NAACP National Convention attendees socialize outside of the entrance to the NAACP Experience hall.
NAACP national convention attendees socialize outside of the entrance to the NAACP Experience exhibition hall. Credit: Bonnie Arbittier / San Antonio Report

The 109th national convention of the National Association for the Advancement of Colored People (NAACP) opened Saturday with organizers sounding the theme of using voter turnout to combat bigotry.

“We are here in San Antonio to tell the nation it’s time to defeat hate,” said NAACP Board Chairman Leon Russell. “We have seen hate across the nation in places we never thought it’d come from, in the highest offices in the land. We have seen incivility, inability of our leaders to talk civilly. We can agree to disagree, but we can agree that our disagreement should not separate us.”

Russell said because of a resurgence of white supremacy, nationalism, and xenophobia in recent months, communities of color are often cast by some people as “the other” in American society.

“From this podium, from the speakers who come through this convention hall this week, we’ll tell you we’ve got to defeat hate,” Russell said. “We’ve got to get out and vote.”

NAACP President and CEO Derrick Johnson said it’s crucial that people understand the importance of registering to vote and then casting a ballot, especially in this fall’s midterm elections.

“This year’s theme of ‘Defeat Hate – Vote’ was selected because we understand that elections have consequences,” he said. “The consequence of the 2016 election convinced some individuals to pursue a course of action to divide this nation by stoking the flames of fear.

“Voting is the currency in any democracy. So we must turn out the vote in ways in which this would be a presidential-level activity. Because if we don’t, our future is at stake.”

NACCP leaders said they are happy that this year’s national convention could be held in San Antonio during the local NAACP branch’s 100th anniversary and during the City’s Tricentennial.

Michael Turner, the convention chair, was among the national NAACP officials who hailed such local leaders as former Mayor Ivy Taylor, NAACP San Antonio President Oliver Hill, and Oliver’s late wife, Minnie Mabry Hill, who died in May at age 74.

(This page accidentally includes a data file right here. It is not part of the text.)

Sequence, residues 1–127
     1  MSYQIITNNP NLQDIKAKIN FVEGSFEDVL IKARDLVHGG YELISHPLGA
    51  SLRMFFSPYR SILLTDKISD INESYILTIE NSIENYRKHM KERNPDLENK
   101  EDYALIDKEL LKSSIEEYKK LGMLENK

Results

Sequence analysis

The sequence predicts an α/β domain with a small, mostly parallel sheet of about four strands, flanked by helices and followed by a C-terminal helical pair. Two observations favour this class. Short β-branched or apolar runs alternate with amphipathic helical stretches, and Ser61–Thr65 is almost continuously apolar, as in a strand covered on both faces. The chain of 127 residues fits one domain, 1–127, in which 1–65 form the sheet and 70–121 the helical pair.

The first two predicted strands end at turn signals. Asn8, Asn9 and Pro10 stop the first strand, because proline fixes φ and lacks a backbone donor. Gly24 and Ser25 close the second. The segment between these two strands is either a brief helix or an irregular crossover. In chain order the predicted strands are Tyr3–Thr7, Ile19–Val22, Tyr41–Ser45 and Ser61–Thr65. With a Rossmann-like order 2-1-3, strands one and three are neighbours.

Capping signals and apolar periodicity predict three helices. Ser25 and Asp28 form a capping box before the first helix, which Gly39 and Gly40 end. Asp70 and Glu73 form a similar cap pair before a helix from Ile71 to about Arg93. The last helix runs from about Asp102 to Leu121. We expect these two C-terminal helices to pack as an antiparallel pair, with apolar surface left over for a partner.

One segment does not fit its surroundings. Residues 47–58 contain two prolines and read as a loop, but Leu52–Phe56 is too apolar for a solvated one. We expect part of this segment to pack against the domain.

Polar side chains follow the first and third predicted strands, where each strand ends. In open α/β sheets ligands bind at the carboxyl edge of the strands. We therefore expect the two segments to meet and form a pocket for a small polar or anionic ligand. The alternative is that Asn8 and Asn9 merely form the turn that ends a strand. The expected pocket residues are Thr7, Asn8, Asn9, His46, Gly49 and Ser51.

Oliver Hill said it’s disappointing Minnie did not get to see the fruits of her labor.

“[Minnie] worked hard in making sure this convention came to San Antonio,” he said. “Everything I’m doing now is in her honor.”

Taylor expressed gratitude that, while mayor, she got to oversee expansion of the Henry B. González Convention Center, helping draw the NAACP national convention to San Antonio. She urged out-of-town attendees to explore San Antonio, especially the East Side, “and experience some of the cultural offerings we have over here even as you contemplate the work that lies ahead.”

Mayor Ron Nirenberg commended the Hills and Taylor for their work in helping to get this year’s NAACP convention to San Antonio. He said the organization has much to do in helping to preserve civil and voting rights.

“The NAACP has played a crucial role in the fight for equal rights and to end racial discrimination in schools, employment and so much more,” Nirenberg said. “That fight is important to all San Antonians. In fact, it’s important to all Americans, and we all know that struggle is still underway.”

Ivy Taylor, City of San Antonio former mayor, sits on the #blackvotesmatter panel discussion.
Former San Antonio Mayor Ivy Taylor sits on a panel Saturday at the NAACP national convention. Credit: Bonnie Arbittier / San Antonio Report

Following the news conference, the Rivard Report briefly caught up with Taylor, who has stayed out of the spotlight since losing the 2017 mayoral runoff election to Nirenberg.

“I’ve been minding my business,” Taylor joked.

The former mayor said her focus lately has been on family matters. Taylor said when she first began working with the City, her daughter Morgan was age 5. Now she’s about to start high school.

Taylor, meanwhile, has enrolled into the University of Pennsylvania’s doctorate program in higher education.

But concentrating on the now, Taylor recalled the tough competition that San Antonio had in trying to land the NAACP convention.

“We had to make the strong pitch that San Antonio was a unique place with a unique history, and that, from a business perspective, we could put on a great convention,” she said. “I’m just glad to see Minnie’s dream come true.”

Edmond Ortiz, a lifelong San Antonian, is a freelance reporter/editor who has worked with the San Antonio Express-News and Prime Time Newspapers.